Uganda v Kaluuma Abdul Khariim (CR-SC 23 of 2011) [2012] UGHC 56 (23 March 2012)




CR.SC 23 OF 2011

UGANDA ::::::::::::::::::::::::::::::::::: PROSECUTOR





The indictment against the accused comprises of a substantive count and an alternative count. In count I it is embezzlement, contrary to section 19(b) (i) of the Anti Corruption Act. Therein it is alleged that between May 2009 and December 2010 at Stanbic Bank, Kampala Operations Processing Centre, being an employee of Stanbic Bank as a clerk, Consolidated Payments, accused stole shs 787,518,500/=,the property of Stanbic Bank. Causing Financial Loss, contrary to section 20(1) of the Anti Corruption Act is the charge in the alternative count. Therein the state alleges that between May 2009 and December 2010 when accused was employed by Stanbic Bank as clerk, Consolidated Payments, he diverted bank commissions amounting to shs.787,518,500/= when he had reason to believe that the said act would cause financial loss to Stanbic Bank.

Basically the case for the prosecution is that at the time material to this indictment accused was employed by Stanbic Bank in its Consolidated Payments Unit as a clerk. He was part of the Consolidated Payments team. As clerk he was a recipient of files for processing payments of salaries or allowances to clients. The service attracted a commission on each transaction. The Commission thus derived was to be credited to the Commission account of the bank. It is alleged however that instead accused credited on some individual accounts money meant for the bank commission account.

To prove its case the prosecution called nine witnesses.PW1 was Luwambya Asaad, the Manager Kampala Operations Processing Centre.PW2 was Kakuba Kenneth Keith, a consolidated payments clerk with Stanbic Bank.PW3 was Namugambe Nancy, an Electronic Funds Transfer clerk.PW4 was Joseph Mulindwa, an IT Specialist with Stanbic Bank.PW5 was Ntairaho Edison, Team Leader Back Office Support.PW6 was Jimmy Owot, Systems Administrator, Stanbic Bank.PW7 was Richard Andruma, an internal investigator, Stanbic Bank.PW8 was Kyazze Robinah, manager Stanbic Bank, IPS Branch.PW9 was D/AIP Kato Moses, Special Investigations Unit, Kireka.

The onus is on the prosecution to prove the charge brought against an accused person beyond reasonable doubt. I refer to Sekitoleko v Uganda [1967] EA531. Needless to say where a charge is in place and an alternative also appears on the indictment a verdict is to be given on either the substantial charge or the alternative, not on both. This reality was brought to the attention of the assessors accordingly. Where the charge is Causing Financial Loss the prosecution ought to prove the ingredients of the offence. It must prove that during the relevant period accused was an employee of Stanbic Bank .The prosecution ought to prove also that accused in the performance of his duties did an act knowing or having reason to believe that the act or omission would cause financial loss. Needless to say there must be proof of resultant loss also.

Agreed evidence between the prosecution and the defence under S.66 of the Trial on Indictments Act was the appointment letter written to accused showing he was to be employed as a General Ledger Clerk with StanbicBank. That letter was dated 9th December 2004 and was signed by the accused, accepting that employment .The date was 10th December 2004.This evidence is contained in Exhibit P.1 .There is no evidence disputing employment of accused as a Stanbic Bank clerk. This ingredient is proved by the prosecution beyond reasonable doubt.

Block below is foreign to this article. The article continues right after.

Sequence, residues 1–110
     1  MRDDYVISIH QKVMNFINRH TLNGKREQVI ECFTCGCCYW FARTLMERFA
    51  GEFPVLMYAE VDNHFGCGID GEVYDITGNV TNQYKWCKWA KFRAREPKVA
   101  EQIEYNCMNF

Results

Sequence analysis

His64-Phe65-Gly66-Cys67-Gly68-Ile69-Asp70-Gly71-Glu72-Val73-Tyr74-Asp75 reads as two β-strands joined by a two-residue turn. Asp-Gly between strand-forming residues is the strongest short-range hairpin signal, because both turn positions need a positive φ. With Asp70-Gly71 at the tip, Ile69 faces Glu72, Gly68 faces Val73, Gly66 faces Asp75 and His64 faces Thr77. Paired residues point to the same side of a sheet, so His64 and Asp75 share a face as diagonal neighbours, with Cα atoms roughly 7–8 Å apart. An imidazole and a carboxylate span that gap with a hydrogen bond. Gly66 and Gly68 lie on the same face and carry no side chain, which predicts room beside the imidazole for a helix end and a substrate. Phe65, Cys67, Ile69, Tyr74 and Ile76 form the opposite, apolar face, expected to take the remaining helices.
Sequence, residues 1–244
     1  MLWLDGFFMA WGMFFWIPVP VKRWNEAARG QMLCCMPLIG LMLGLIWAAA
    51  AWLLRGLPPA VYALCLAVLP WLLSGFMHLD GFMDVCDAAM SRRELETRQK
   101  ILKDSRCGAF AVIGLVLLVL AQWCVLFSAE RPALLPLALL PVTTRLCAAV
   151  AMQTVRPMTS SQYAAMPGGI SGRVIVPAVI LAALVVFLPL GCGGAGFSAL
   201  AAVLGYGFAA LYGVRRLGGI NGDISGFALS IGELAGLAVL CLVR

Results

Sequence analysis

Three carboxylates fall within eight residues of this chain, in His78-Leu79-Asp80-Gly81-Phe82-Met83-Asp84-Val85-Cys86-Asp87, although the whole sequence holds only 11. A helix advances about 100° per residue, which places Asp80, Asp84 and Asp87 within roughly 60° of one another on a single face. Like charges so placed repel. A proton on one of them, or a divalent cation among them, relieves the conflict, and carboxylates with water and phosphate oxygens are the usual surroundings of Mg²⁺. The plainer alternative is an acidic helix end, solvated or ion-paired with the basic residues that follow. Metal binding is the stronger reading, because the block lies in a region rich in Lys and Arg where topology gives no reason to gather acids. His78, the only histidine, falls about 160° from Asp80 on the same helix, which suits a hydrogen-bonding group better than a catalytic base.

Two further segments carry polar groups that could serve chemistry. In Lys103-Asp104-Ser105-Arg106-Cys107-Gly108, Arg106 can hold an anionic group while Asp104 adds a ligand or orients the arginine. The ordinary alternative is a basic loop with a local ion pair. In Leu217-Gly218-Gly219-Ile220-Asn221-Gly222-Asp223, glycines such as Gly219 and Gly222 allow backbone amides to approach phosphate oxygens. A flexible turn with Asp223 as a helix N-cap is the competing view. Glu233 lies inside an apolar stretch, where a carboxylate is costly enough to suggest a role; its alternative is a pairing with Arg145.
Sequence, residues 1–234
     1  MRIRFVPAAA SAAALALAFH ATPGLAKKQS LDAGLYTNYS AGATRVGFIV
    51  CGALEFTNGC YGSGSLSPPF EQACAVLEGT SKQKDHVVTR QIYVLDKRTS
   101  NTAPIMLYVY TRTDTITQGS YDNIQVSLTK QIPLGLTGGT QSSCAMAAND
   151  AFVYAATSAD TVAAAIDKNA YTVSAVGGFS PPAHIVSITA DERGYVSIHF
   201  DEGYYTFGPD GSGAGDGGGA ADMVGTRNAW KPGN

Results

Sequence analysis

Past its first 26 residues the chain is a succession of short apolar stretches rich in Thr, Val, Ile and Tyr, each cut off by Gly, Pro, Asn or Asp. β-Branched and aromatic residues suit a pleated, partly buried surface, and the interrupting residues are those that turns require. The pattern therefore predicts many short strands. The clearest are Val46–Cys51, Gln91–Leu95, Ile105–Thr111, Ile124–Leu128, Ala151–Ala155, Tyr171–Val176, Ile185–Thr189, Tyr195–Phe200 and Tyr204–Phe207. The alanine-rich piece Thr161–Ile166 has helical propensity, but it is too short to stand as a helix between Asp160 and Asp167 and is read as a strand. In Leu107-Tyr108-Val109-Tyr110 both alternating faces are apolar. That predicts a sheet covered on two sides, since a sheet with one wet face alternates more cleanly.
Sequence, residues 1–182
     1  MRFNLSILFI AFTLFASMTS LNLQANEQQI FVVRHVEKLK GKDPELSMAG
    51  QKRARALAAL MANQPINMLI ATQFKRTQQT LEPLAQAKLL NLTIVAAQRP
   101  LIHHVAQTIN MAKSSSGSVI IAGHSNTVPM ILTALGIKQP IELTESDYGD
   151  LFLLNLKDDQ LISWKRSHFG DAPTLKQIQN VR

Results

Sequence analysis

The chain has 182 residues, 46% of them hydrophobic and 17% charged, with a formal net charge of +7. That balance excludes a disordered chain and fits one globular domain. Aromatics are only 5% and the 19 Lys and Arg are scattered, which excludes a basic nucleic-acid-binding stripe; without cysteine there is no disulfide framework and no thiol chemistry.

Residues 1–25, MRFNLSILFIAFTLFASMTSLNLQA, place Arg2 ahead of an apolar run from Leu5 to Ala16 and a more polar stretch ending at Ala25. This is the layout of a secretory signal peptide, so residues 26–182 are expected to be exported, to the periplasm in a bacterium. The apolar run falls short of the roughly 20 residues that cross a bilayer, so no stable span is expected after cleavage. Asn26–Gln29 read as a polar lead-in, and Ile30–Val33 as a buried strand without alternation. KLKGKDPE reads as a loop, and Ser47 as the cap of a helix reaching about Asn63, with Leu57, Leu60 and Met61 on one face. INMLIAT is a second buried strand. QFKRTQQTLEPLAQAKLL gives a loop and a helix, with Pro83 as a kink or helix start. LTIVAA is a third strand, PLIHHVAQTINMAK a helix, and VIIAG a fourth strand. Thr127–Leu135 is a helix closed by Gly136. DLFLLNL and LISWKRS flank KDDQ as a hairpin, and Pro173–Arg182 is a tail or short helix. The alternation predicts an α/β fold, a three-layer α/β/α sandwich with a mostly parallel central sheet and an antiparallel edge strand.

The prosecution alleges that accused was the person responsible for facilitating the diversion of money meant for the bank commission account to individual accounts. This the defence contests. To buttress its case the prosecution tendered in evidence of e-mail messages which show they were sent from the Consolidated Payments desk, accompanying files for the IT department to download. Clearly the e-mails show who the sender was. Exhibit P.3 contains the e-mail messages. They indicate they were sent by Kaluuma Abdul-Kharim. It is worth noting at this stage that the contents of individual e-mails vary. Document W1 simply states, ’Hello, I’ve dropped Riley file in unprocessed folder titled Riley 221210 please process. Regards, K Abdul-Kharim, Consolidated payments 0414343151.’

The e-mail contained in L1 indicates it is from Kaluuma Abdul Khariim. It states, ‘Hiall, I have dropped SFI file for Boueftcom 040809.Please process. Regards A.K.Khariim Consolidated Payments.0414343151 KOPC Yes, we can.’ The defence on the other hand disputes accused’s responsibility for the authorship of the e-mail messages in issue. In his defence accused stated that the user name he gave was Kharim and that for his identity he gave Kharim A. This of course varies with what is contained in the e-mails which indicate a different person sent them. Jimmy Owot, PW6, is Systems Administrator with Stanbic Bank. He testified that it was he who entertained accused’s application and subsequent admission into the data system of the bank. He was emphatic accused was the author of the e-mails in issue. It was the evidence of PW6 that accused’s user name was Kaluuma A and that it was created by the Data Centre. He added that in the application accused had used the names Kaluuma Abdul Kharim. The evidence of PW6 was lent support by that of PW4 who testified that user name is a creature of the IT department at the Bank.

The prosecution alleges that accused used a predictable stratagem to cream off money meant for bank commission to credit individual accounts. There would be an e-mail to the IT department introducing a given file and advising what IT should do with the file. Customarily IT would then comply with whatever instructions were contained in the file thus forwarded to them by the accused. In the result certain individual accounts came to be credited with money that should have been credited on the bank’s commission account. Several instances of this were brought to light. The author of the files was Kaluuma A. The gateway files involved, as noted earlier, were sent to IT thereafter. For purposes of this trial they were received as exhibit P6 and they are contained in distinct documents under that exhibit item.

Document A shows that account number 0121006878001 was credited with shs 6,002,000/=.The instructions were contained in a gateway gw29021.The file was sent to IT by Kaluuma A and he was the person who last saved it. The account holder is Ntege Umar.

Document B was also generated by Kaluuma A. Gateway GW 29051 bears the instructions. The instructions were for account number 0121023828401 to be credited with shs.4,292,000/=.It was so credited. Kaluuma last saved the file. The account holder was Swaib Lutalo.